Teenagers also think about suicide more often — and 5,000 young people actually take their own lives every year in the U.S., Koplewicz added.


d832c_toddler_sot_for_digital.nbcnews-ux-1080-600 Generation at risk: America's youngest facing mental health crisis


For years, Alex was too scared to reach out for help because she thought that if she told her parents about her depression, they wouldn’t believe her or overreact and send her to a “psych ward,” she said.

It’s why The Child Mind Institute is collecting brain scans from 10,000 children and teens, hoping to identify biological markers of psychiatric illness. The project could improve the diagnosis and treatment of mental disorders.

After medication and therapy, Alex is doing great.

“I am so much stronger after coming out of this,” she said, urging other kids to speak up. “If you always feel like something’s wrong, talk to somebody. If you feel like you’re blaming things on yourself all the time, talk to somebody. Just if things don’t feel good, talk to somebody.”

Malta mental health provider charged with sex act, abuse

  • e3fcf_920x920 Malta mental health provider charged with sex act, abuse

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Malta

A mental health provider in Malta is accused of forcibly touching and sexually abusing a female patient during treatment sessions.

The crimes by Brett Klersfeld, 62, allegedly took place between October 2017 and November 2017, according to the Saratoga County Sheriff’s Office.

The department received a complaint on Dec. 8. Klersfeld, of Valatie, was charged with a criminal sex act, a felony, as well as forcible touching, sexual abuse and sexual conduct, which are misdemeanors.


He is being held at the Saratoga County jail in lieu of bail.

Mental health charity calls for more compassion towards suicidal people

A leading mental health charity has called for greater compassion towards people suffering from suicidal thoughts following Friday night’s incident on the M5.

The motorway was closed for five hours while police helped a man on a bridge who was suffering from serious mental health problems.

The closure between Exeter and Cullompton caused long delays leading to some people on social media posting unsympathetic and thoughtless comments about the situation.

Mind, which campaigns for greater mental health awareness, said that people should treat mentally ill patients with the same compassion as those with physical illnesses.

A spokesperson from Mind, said: “Not all suicides are mental health-related but most are. If someone is suicidal they are in crisis and need urgent help, and should be treated with the same compassion as if they were experiencing a physical health emergency.

“Suicides are not inevitable; they can be prevented, with the right support in place.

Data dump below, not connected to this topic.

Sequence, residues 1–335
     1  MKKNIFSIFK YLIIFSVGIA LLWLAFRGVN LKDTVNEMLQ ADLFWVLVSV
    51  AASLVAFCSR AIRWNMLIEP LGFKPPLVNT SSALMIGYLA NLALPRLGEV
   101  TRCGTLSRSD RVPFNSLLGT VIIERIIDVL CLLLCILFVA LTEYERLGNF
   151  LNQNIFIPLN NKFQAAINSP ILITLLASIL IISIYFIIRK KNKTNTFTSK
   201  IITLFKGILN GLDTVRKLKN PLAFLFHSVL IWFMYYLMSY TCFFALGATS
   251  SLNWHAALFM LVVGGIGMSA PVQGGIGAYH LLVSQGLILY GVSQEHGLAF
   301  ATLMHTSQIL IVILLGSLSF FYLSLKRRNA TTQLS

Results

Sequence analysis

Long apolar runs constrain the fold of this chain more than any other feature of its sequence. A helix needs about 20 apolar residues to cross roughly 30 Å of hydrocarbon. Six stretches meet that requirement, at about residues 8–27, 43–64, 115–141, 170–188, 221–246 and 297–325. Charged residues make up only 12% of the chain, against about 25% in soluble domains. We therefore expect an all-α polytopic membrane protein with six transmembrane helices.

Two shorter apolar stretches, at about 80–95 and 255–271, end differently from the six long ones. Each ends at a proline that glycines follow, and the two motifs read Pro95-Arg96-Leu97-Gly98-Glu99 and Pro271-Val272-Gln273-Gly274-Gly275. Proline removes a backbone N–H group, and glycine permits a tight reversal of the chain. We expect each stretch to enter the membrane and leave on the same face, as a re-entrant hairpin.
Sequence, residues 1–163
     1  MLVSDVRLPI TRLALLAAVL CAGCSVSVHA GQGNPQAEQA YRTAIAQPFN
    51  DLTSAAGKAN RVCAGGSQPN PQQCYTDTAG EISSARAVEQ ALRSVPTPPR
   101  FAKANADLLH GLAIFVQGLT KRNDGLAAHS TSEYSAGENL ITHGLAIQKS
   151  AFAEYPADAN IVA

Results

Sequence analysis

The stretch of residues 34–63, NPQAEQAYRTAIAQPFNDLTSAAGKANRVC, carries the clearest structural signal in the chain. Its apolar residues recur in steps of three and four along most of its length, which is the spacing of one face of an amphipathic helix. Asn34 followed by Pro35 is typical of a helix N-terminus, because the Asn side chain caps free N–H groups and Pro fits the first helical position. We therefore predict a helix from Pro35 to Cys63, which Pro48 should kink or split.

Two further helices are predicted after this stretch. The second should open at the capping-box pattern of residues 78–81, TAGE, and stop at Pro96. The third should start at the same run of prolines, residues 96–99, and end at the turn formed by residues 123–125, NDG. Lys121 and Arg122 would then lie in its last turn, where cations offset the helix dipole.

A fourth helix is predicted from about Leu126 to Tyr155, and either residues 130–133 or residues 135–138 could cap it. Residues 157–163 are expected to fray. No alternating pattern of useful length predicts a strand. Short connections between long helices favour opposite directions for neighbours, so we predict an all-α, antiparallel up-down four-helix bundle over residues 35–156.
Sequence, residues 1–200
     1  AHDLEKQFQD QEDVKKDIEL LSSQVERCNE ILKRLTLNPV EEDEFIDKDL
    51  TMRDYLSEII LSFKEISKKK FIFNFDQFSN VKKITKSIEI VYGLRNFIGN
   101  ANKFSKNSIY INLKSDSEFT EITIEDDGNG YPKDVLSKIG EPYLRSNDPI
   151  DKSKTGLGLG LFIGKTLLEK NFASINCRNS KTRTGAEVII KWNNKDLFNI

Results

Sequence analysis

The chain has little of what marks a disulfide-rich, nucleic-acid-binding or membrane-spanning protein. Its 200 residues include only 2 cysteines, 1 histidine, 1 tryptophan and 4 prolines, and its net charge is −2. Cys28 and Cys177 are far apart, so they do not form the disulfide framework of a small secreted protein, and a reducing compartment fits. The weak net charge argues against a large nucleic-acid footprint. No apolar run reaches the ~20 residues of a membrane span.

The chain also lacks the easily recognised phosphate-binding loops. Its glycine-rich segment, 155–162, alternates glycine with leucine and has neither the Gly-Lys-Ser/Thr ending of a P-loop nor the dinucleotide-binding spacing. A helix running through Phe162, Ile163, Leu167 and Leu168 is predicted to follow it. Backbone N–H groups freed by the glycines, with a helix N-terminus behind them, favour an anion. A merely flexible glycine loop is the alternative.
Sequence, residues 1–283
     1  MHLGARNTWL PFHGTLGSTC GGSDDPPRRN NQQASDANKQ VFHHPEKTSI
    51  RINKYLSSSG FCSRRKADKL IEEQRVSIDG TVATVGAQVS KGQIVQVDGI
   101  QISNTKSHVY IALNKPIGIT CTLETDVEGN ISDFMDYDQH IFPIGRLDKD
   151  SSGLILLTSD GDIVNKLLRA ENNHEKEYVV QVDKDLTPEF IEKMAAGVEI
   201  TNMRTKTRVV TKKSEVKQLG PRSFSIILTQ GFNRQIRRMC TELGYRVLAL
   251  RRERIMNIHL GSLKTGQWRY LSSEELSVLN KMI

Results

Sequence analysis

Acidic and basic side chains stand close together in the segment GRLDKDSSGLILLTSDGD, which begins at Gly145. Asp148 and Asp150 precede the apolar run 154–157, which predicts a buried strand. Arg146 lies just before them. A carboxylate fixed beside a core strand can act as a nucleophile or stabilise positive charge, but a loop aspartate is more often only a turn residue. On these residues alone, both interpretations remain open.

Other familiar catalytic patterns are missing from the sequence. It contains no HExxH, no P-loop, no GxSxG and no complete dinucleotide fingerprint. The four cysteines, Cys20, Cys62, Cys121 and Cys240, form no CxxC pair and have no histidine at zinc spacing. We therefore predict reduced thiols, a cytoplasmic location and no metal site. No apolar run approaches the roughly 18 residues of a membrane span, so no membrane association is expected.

“Public attitudes are hugely important because when people feel they can’t open up about their mental health or suicidal thoughts they don’t ask for help and risk becoming more unwell.

“We need to break down the stigma that surrounds suicide so that people feel more able to speak out about how they are feeling and seek support before they reach crisis point.

“That’s why public awareness campaigns like Time to Change, run by Mind and Rethink Mental Illness, are so important.

“If you’re feeling suicidal, confide in someone you know or contact your GP, call 999, go to AE or call the Samaritans (116 123). You can also find more information on the Mind website or through Mind’s confidential Infoline 0300 123 3393.”

The Samaritans can be reached round the clock, 24 hours a day, 365 days a year. If you need a response immediately, it’s best to call them on the phone. You can reach them by calling 116 123, by emailing jo@samaritans.org or by visiting www.samaritans.org

Mental health charity calls for more compassion towards suicidal people

A leading mental health charity has called for greater compassion towards people suffering from suicidal thoughts following Friday night’s incident on the M5.

The motorway was closed for five hours while police helped a man on a bridge who was suffering from serious mental health problems.

The closure between Exeter and Cullompton caused long delays leading to some people on social media posting unsympathetic and thoughtless comments about the situation.

Mind, which campaigns for greater mental health awareness, said that people should treat mentally ill patients with the same compassion as those with physical illnesses.

A spokesperson from Mind, said: “Not all suicides are mental health-related but most are. If someone is suicidal they are in crisis and need urgent help, and should be treated with the same compassion as if they were experiencing a physical health emergency.

“Suicides are not inevitable; they can be prevented, with the right support in place.

“Public attitudes are hugely important because when people feel they can’t open up about their mental health or suicidal thoughts they don’t ask for help and risk becoming more unwell.

“We need to break down the stigma that surrounds suicide so that people feel more able to speak out about how they are feeling and seek support before they reach crisis point.

“That’s why public awareness campaigns like Time to Change, run by Mind and Rethink Mental Illness, are so important.

“If you’re feeling suicidal, confide in someone you know or contact your GP, call 999, go to AE or call the Samaritans (116 123). You can also find more information on the Mind website or through Mind’s confidential Infoline 0300 123 3393.”